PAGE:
For loans closed after July 1999, lenders are obligated (by federal law) to automatically cancel Private Mortgage Insurance (PMI) when the balance of the loan goes lower than 78 percent of your purchase amount � but not at the point the loan reaches 22 percent equity. (Certain "higher risk" loans are excluded.) However, you can actually cancel PMI yourself (for loans made past July 1999) at the point your equity rises to 20 percent, no matter the original purchase price.
Keep a running total of money going toward the principal. You'll want to keep track of the prices of the homes that sell around you. You've been paying mostly interest if your closing was fewer than 5 years ago, so your principal most likely hasn't been reduced by much.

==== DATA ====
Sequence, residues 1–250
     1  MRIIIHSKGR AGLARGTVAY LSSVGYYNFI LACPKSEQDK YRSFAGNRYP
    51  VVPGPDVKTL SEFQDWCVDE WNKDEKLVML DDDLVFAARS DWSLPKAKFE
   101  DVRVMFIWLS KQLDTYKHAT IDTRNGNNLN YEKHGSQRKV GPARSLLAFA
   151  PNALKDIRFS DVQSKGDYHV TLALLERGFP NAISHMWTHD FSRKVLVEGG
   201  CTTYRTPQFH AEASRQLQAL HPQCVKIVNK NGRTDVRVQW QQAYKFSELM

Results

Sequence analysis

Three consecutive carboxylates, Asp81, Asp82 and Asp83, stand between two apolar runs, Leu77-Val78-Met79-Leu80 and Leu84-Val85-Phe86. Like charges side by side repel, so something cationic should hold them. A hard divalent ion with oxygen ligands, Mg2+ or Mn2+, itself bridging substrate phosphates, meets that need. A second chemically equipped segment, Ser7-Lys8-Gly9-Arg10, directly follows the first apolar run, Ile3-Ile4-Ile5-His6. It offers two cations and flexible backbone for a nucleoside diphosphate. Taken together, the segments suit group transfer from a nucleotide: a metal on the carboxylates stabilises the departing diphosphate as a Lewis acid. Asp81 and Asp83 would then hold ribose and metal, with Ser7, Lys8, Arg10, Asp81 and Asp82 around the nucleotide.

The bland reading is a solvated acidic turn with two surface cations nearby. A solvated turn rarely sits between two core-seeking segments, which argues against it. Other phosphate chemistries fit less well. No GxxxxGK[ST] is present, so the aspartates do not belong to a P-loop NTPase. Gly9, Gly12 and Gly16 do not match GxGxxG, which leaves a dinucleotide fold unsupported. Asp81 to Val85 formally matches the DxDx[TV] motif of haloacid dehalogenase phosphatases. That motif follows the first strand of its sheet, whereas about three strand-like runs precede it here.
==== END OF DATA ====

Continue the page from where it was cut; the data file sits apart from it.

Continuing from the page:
At the point your equity has reached the magic number of twenty percent, you are close to getting rid of your PMI payments, once and for all. You will first notify your lender that you are requesting to cancel your PMI. Next, you will be asked to submit proof that you have at least 20 percent equity. The best proof there is can be found in a state certified appraisal using form URAR-1004 (Uniform Residential Appraisal Report), which is required by most lending institutions before canceling PMI.
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